Most people assume if they can go about their daily tasks without “feeling” sick, they are healthy. Is this a good way of determining our health status? What about symptoms? Do we base our health on their severity? Do we often base our health on their absence?
What do the following conditions all have in common?
High Blood Pressure
Sudden Onset Heart Attacks
Positive Testing For The HIV Virus
Typically, none of these conditions produce SYMPTOMS early on. What about early breast cancer, early prostate cancer and early colon cancer? What about hepatitis C? Again, no sign of SYMPTOMS!
There are countless conditions we may develop, yet we haven’t become a paranoid society fearing the ABSENCE OF SYMPTOMS? WHY?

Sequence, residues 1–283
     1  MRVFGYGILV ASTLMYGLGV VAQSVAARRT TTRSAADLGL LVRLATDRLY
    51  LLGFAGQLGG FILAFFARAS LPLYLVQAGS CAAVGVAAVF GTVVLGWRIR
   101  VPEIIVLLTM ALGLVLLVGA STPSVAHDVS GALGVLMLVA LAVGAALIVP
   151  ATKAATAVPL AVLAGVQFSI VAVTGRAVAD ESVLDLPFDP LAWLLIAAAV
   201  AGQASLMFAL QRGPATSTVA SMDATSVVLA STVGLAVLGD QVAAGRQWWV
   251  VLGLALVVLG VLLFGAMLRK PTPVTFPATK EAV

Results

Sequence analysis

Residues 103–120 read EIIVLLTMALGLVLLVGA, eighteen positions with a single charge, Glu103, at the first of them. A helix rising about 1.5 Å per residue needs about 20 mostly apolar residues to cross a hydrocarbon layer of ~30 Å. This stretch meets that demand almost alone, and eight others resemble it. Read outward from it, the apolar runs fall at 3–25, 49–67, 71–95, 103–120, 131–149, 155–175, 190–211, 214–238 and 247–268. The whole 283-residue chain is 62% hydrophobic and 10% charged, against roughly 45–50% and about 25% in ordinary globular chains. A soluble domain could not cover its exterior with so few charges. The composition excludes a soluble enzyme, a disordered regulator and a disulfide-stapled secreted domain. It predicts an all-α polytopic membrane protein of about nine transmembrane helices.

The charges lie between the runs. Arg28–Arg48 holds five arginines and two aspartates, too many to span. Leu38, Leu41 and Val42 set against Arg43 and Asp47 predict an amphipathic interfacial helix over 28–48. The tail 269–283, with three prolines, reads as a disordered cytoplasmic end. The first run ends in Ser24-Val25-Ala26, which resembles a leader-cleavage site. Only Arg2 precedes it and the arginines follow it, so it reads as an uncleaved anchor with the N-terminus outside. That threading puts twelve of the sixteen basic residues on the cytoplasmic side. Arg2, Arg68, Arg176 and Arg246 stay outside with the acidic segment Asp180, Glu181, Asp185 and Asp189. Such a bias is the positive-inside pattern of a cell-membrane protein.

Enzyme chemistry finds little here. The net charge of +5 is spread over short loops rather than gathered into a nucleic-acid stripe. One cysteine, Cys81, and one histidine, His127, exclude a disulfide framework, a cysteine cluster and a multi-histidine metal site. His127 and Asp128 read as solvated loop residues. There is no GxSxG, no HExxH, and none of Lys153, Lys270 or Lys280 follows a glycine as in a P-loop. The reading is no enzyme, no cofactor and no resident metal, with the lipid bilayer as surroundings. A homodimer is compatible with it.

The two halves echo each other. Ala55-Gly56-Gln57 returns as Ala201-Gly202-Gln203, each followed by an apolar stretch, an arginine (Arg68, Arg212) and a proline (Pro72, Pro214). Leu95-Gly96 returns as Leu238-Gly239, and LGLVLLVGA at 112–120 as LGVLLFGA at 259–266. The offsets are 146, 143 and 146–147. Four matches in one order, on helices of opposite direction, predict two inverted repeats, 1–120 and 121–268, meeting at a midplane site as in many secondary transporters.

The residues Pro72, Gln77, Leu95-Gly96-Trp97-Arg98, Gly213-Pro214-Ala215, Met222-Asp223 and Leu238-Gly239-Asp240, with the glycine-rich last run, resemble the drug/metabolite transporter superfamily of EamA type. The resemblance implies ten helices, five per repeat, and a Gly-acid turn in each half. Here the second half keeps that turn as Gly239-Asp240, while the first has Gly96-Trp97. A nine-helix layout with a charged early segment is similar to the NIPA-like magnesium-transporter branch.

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Sleep, like walking, is one of the most under appreciated aspects of living a healthy life.
To read much more on sleep, check out my Page – How important is a good night’s sleep?
If you really want to get into it, check out Arianna Huffington ‘s excellent book The Sleep Revolution at Amazon.
Some really good , healthy concepts here. I love the positive approach. Work on being healthy and your weight loss problem will disappear.
Eat less; move more; live longer.
Are you trying to lose weight with just exercise alone? Do you have a soda addiction but figure it’s not as bad as smoking or other vices since you can just exercise the ‘bad’ calories away? Unfortunately new research looking at the weight management approach of calories in versus calories out tells us that this is really not the case — you really can’t outrun a bad diet.